When they did their third – when the two Korean leaders did their third summit, I was in Seoul that week for CSIS. And just watching all of this, the thing that came out of that was a whole list of these economic cooperation projects, which you just mentioned the railroads are one of them. And when I looked at that list, all that said to me was the U.S., you have to lift sanctions. I mean, it’s putting pressure on the United States to lift sanctions, again, before we’ve gotten anything really significant on denuclearization. So this is – you know, that’s how you start to get the makings of a bad deal.
MR. SCHWARTZ: Well, some would say we’ve already given them too much.
MR. CHA: Yeah, I think some – particularly on the exercising, I think people – there were a number of people after the Singapore summit who felt that the president’s unilaterally giving up exercising was a dangerous step because that’s how we keep the alliance strong, is through exercising. And it’s not clear if he’s going to continue to call for suspension of major exercises, which are to be sometime next February.
MS. TERRY: Well, I think we’re also poised to, in a way, give away more, if you will, because it looks like there is going to be second summit between Trump and Kim, and there is a lot of pressure to – for the U.S. to give this end of war declaration, peace declaration. There’s a lot of pressure from South Korea. Obviously, North Koreans are pressing it, China, Russia. It’s really all of them are against – you know, they’re pressing the United States, and I think we might give away even that peace declaration. I think that’s the next step.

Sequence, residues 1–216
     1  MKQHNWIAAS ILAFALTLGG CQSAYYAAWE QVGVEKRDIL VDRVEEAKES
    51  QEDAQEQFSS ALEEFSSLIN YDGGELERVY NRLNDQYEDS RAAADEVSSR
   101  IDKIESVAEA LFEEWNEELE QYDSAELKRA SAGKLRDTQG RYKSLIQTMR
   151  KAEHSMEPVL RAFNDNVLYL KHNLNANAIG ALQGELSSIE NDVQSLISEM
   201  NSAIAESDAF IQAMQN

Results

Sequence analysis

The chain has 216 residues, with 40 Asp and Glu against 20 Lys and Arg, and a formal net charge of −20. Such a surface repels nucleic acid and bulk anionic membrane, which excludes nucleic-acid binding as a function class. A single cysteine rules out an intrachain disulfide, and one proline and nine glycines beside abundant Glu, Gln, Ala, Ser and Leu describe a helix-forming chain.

MR. CHA: You know, we always end up in this position, the Americans. I once described it as the dilemma of American reasonableness – (laughter) –
MR. SCHWARTZ: Right.
MR. CHA: – because what happens is, you know, everybody’s so excited to get North Korea to the table, right – the Russians, the South Koreans, the Chinese are all excited to get the North Koreans at the table – and then, you know, the North Koreans, you know, we want 100 from them and they give maybe 15, right – you know, 15 out of 100. And by any objective standards, that’s not acceptable. But the surrounding parties – the South Koreans, the Chinese, and the Russians – all look at the – you know, what the North Koreans, they’ve given, and they go, well, you know, it’s better than nothing. And if we get –
MR. SCHWARTZ: At least they came to the table.
MR. CHA: At least they came to the table. If we stop here, then we don’t – we’re not at the table anymore. So who are we going to try to convince? Are we going to try to convince the North Koreans to give more or are we going to try to convince the Americans to take less? And invariably, they always come to the Americans to take less, because we’re always – relatively speaking, we’re a much more reasonable party than the North Koreans are. (Laughs.) So this is – this is what always happens. And, like, that constellation is starting to come into formation right now.
MR. SCHWARTZ: What kind of leverage do we have if we’re – if we continue to give away our leverage?
MR. CHA: If we’re going to do a second summit, what it requires is for the president to set the bar high in terms of what we’re going to get if we’re going to give a second summit. I mean, a meeting with a president of the United States is not like a meeting with any other leader in the world, especially for North Korea. Because he can meet three times with Xi Jinping, he can meet with Putin, he can meet with Moon. The one he really wants to meet is the American president. So we should leverage that. I mean, we –
MR. SCHWARTZ: Yeah.
MS. TERRY: Yeah, the problem is President Trump wants to meet with Kim Jong-un. So we’ve always given away.
MR. CHA: Yeah. Well, that’s the problem.
MR. SCHWARTZ: Well, he loves them. They’re friends.